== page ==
• Yeah, America is very much the opposite of Europe in this regard.

    Here, processing checks takes some crazy fees, and is very rare, and direct transfers between accounts are free (or very cheap, if you didn't change your bank to one that does it for free yet.)

    In the States, trasnfers cost some absurd sums, from what I heard, and are nearly unheard of, instead you exchange checks.



    Also, Americans pay for incoming calls to their cellphones. I think last time it happened here was in the mid-90s in the analog NMT450 network, all the GSM ones are the way it should be, incoming calls free, unless you're roaming abroad.

    In this country, we have an X.25-based, still supporting dialup and floppies as media, in addition to networking, and, amazingly, working correctly, system operated by an external entity that banks use to exchange in-country transfers. Each bank uplods data three times a day ad specified time slot, and downloads it three times a day at other timeslot. So depending on whether the target bank will download after yours uploaded or not, it may be today or NBD. Same-bank transfers are usually immediate, tho a few are still retarded enough to run their internal systems only in business hours.



  • @bannedfromcoding said:

    In the States, trasnfers cost some absurd sums, from what I heard, and are nearly unheard of, instead you exchange checks.

    I've never seen any such fees.

    @bannedfromcoding said:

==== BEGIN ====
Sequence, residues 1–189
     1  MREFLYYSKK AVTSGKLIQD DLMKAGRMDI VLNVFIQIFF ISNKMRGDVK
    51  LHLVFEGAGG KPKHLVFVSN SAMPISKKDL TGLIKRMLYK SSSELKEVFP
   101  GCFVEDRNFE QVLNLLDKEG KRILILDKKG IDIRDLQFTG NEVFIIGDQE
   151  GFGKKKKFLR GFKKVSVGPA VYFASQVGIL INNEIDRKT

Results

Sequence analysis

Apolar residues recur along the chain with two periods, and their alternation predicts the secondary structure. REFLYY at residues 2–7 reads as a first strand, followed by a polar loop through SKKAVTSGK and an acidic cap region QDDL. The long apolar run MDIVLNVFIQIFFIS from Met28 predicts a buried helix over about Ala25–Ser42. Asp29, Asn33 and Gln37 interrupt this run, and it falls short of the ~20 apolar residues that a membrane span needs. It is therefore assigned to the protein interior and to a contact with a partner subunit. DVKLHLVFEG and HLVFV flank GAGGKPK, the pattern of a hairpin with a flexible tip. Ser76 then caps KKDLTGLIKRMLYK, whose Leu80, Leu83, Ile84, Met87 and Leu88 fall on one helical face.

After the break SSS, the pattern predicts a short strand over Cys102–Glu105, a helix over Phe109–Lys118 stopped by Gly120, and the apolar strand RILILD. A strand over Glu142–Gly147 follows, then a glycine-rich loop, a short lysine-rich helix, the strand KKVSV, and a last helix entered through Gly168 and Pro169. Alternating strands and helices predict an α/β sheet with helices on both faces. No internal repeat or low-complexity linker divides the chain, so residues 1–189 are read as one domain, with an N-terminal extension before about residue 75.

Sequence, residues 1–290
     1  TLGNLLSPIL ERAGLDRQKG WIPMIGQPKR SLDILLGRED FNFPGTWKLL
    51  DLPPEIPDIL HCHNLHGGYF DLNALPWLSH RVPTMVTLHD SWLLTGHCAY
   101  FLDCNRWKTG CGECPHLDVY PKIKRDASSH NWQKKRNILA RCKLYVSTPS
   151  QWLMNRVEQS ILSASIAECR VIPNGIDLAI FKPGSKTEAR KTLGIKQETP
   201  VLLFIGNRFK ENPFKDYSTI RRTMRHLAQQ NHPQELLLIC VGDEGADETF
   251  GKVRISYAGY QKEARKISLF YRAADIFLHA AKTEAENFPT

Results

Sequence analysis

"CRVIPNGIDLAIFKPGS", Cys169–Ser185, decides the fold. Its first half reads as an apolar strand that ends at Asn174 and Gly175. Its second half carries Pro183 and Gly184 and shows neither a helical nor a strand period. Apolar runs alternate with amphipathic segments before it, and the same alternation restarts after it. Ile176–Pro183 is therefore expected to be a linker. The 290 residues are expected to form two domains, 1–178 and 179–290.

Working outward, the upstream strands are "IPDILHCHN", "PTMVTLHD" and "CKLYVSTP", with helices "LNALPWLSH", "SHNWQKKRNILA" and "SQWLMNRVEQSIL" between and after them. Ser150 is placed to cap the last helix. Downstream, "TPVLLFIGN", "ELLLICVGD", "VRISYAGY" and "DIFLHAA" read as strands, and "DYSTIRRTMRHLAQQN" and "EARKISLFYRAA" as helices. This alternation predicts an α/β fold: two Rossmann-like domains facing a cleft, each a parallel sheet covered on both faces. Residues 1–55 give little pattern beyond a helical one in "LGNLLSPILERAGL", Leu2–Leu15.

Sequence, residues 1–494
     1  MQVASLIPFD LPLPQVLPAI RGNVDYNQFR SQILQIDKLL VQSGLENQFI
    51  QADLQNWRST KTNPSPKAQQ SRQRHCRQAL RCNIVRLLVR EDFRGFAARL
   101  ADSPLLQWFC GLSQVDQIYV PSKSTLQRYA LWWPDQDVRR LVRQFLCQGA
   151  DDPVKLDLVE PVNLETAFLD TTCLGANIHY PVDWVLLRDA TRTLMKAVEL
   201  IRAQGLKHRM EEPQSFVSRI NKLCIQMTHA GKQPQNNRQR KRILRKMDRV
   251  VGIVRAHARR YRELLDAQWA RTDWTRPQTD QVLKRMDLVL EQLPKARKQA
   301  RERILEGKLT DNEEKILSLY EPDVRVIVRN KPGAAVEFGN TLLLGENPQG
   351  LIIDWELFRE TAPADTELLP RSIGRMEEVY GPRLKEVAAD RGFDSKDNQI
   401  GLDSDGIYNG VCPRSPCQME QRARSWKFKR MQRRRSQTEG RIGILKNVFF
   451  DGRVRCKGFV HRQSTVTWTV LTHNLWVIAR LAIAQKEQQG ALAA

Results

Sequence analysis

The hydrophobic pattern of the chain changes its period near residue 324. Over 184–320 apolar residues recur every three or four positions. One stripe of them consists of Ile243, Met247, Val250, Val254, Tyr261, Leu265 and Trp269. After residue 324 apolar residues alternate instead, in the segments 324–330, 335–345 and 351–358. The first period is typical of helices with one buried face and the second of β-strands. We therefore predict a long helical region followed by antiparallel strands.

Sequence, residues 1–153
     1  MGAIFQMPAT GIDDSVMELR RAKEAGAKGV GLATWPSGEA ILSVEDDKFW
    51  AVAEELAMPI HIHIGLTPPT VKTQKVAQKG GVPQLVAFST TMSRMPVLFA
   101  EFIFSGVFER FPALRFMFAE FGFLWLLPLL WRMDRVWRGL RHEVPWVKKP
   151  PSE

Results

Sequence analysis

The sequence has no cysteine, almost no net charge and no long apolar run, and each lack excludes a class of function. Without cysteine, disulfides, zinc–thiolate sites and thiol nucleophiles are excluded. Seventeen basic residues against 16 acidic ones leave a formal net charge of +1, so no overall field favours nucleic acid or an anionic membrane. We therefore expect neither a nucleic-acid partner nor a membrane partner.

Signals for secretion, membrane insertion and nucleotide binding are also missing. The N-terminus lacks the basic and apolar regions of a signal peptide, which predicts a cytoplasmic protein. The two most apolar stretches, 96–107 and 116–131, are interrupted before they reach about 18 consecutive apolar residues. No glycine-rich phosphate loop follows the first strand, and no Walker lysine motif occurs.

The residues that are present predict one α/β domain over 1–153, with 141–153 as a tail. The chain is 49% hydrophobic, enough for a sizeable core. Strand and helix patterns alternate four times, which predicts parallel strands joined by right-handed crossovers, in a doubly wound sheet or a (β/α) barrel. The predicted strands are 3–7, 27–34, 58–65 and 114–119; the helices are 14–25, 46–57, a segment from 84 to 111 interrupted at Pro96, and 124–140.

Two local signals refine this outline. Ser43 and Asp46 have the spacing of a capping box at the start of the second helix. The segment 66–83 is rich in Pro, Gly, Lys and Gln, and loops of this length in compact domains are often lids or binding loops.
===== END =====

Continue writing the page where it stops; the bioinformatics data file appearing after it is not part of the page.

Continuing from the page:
Also, Americans pay for incoming calls to their cellphones.

    We pay for the time we use our phones, although depending on the carrier, all in-network (or maybe a defined list of numbers) calls are not charged against your minutes. Of course, this also means that there are no additional charges when you want to call a cell phone.



  • Checks are the worst thing ever.

    Not so long ago a check I received bounced almost three weeks after I cashed it, so the bank took the money back from my account. I called them and asked how I could tell when a check has cleared. They told me that if it does not bounce in 2 or 3 weeks it is likely to be ok. I asked if there was a way to know for sure, and they explained that unless it was a check from the same bank or a certified check there is no way to know.

    I don't accept checks anymore (except from my grandmother at Christmas).



  • @thistooshallpass said:

    I called them and asked how I could tell when a check has cleared. They told me that if it does not bounce in 2 or 3 weeks it is likely to be ok. I asked if there was a way to know for sure, and they explained that unless it was a check from the same bank or a certified check there is no way to know.
     

    Wait, so how did you think checks worked if you weren't aware of this?



  • @locallunatic said:

    @thistooshallpass said: